10.16.2013_Scott Adams’ Secret of Success: Failure

(Source: http://online.wsj.com/news/articles/SB10001424052702304626104579121813075903866)

Scott Adams’ Secret of Success: Failure

WSJ, 10.12.2013.

By SCOTT ADAMS

“Beware of advice about successful people and their methods. For starters, no two situations are alike. (…) But the most dangerous case of all is when successful people directly give advice.”

1. Forget about passion

“That guy is a bad bet, passion and all. He’s in business for the wrong reason. (…) the best loan customer is someone who has no passion whatsoever, just a desire to work hard at something that looks good on a spreadsheet. (…) You want the grinder, not the guy who loves his job.”

“For most people, it’s easy to be passionate about things that are working out, and that distorts our impression of the importance of passion (…) Success caused passion more than passion caused success.”

 

2. Be systems-driven people rather than goal-driven

“He said that every time he got a new job, he immediately started looking for a better one. For him, job seeking was not something one did when necessary. It was a continuing process.”

“This makes perfect sense if you do the math. Chances are that the best job for you won’t become available at precisely the time you declare yourself ready. Your best bet, he explained, was to always be looking for a better deal. The better deal has its own schedule. I believe the way he explained it is that your job is not your job; your job is to find a better job.”

“To put it bluntly, goals are for losers. (…) you will spend every moment until you reach the goal—if you reach it at all—feeling as if you were short of your goal. In other words, goal-oriented people exist in a state of nearly continuous failure that they hope will be temporary.”

“If you achieve your goal, you celebrate and feel terrific, but only until you realize that you just lost the thing that gave you purpose and direction. Your options are to feel empty and useless, perhaps enjoying the spoils of your success until they bore you, or to set new goals and re-enter the cycle of permanent presuccess failure.”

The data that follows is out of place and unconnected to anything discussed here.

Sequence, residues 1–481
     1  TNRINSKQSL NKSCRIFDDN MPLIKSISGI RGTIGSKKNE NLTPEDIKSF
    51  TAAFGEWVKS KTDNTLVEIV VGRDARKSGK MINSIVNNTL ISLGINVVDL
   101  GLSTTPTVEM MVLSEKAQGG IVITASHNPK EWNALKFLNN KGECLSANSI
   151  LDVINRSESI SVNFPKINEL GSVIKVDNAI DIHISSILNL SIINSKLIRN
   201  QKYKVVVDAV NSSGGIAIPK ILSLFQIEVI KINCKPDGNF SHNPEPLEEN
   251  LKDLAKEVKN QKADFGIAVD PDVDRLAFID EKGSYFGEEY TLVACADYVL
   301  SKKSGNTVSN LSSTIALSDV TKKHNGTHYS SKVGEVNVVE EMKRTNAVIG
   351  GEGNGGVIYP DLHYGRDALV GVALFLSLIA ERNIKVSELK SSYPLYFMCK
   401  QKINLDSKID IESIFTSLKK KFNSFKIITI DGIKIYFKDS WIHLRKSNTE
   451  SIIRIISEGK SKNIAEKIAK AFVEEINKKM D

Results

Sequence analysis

“Observers call him lucky. What I see is a man who accurately identified his skill set and chose a system that vastly increased his odds of getting “lucky.” In fact, his system is so solid that it could withstand quite a bit of bad luck without buckling. How much passion does this fellow have for his chosen field? Answer: zero. What he has is a spectacular system, and that beats passion every time.”

3. Failure is a resource that can be managed

If you drill down on any success story, you always discover that luck was a huge part of it. You can’t control luck, but you can move from a game with bad odds to one with better odds. You can make it easier for luck to find you. The most useful thing you can do is stay in the game. If your current get-rich project fails, take what you learned and try something else. Keep repeating until something lucky happens. The universe has plenty of luck to go around; you just need to keep your hand raised until it’s your turn. It helps to see failure as a road and not a wall.” 

“I’ve long seen failure as a tool, not an outcome. I believe that viewing the world in that way can be useful for you too.”

“I do want my failures to make me stronger, of course, but I also want to become smarter, more talented, better networked, healthier and more energized.”

These failures are just a sampling. I’m delighted to admit that I’ve failed at more challenges than anyone I know.

As for you, I’d like to think that reading this will set you on the path of your own magnificent screw-ups and cavernous disappointments. You’re welcome! And if I forgot to mention it earlier, that’s exactly where you want to be: steeped to your eyebrows in failure.

It’s a good place to be because failure is where success likes to hide in plain sight. Everything you want out of life is in that huge, bubbling vat of failure. The trick is to get the good stuff out.”

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